If you like going out and drinking alcohol, make sure you are going to the best club and drinking the best spirits. Don’t shorten your life drinking so many pre mixed sugar drinks you can’t remember how bad they taste, let alone the good times you may or not have had. If you feel like something sweet don’t overwork your pancreas for M&M’s or Mars Bars. If you are going to get Diabetes you want to get it for the best deserts in the world – something like this!
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But not this!!!186791

You pretty much want to avoid everything mass produced and instead choose the hand made experience, the things that make you different from everyone else you know. We can all watch Big Brother and tell each other our opinions on who we like or don’t like, but how does that change anything, or make anyone’s life richer? Go and see a Broadway Show and see how it feels to see a real performance by people who have mastered their skills and profession. Tell the world about that and you’ll feel how special it is to have be one of the exclusive few to actually see a performance first hand, and to have experienced it sitting in an amazing building next 500 others experiencing it with you.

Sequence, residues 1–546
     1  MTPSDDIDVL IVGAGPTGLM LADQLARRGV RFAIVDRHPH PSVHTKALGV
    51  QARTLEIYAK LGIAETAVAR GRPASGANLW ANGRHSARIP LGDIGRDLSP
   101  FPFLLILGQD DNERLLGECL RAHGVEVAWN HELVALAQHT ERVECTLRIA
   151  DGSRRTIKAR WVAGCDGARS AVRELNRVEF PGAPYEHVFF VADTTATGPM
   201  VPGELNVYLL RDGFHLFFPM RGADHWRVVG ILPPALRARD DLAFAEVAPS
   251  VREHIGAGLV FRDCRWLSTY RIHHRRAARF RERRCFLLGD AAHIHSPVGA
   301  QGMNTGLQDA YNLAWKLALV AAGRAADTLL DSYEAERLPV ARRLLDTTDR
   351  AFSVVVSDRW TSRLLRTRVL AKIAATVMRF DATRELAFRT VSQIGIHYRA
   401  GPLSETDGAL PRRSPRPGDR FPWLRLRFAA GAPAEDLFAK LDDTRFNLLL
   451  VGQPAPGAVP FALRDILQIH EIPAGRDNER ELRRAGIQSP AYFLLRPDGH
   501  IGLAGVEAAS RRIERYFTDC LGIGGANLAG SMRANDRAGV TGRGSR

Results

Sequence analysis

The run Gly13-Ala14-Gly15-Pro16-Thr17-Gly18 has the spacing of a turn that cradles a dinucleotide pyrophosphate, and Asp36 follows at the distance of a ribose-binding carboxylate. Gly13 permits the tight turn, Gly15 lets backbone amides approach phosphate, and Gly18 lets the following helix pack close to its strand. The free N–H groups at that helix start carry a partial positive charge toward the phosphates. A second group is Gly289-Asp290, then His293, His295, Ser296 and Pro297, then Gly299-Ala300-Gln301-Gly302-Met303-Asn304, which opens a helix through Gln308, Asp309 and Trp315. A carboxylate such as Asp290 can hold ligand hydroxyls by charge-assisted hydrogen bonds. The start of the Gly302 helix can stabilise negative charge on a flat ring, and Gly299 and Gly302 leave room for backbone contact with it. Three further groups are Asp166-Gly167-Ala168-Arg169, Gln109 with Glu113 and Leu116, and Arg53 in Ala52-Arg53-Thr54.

Die

I’ve gone on enough for one night. Go out and live the way you want but make sure it’s worth dying for. Scream YODO next time you knowingly do something that shortens your experience on earth because there is no sadness in dying having lived the life you wanted to, but there is no greater waste than leaving here having wanted something and substituted mediocrity.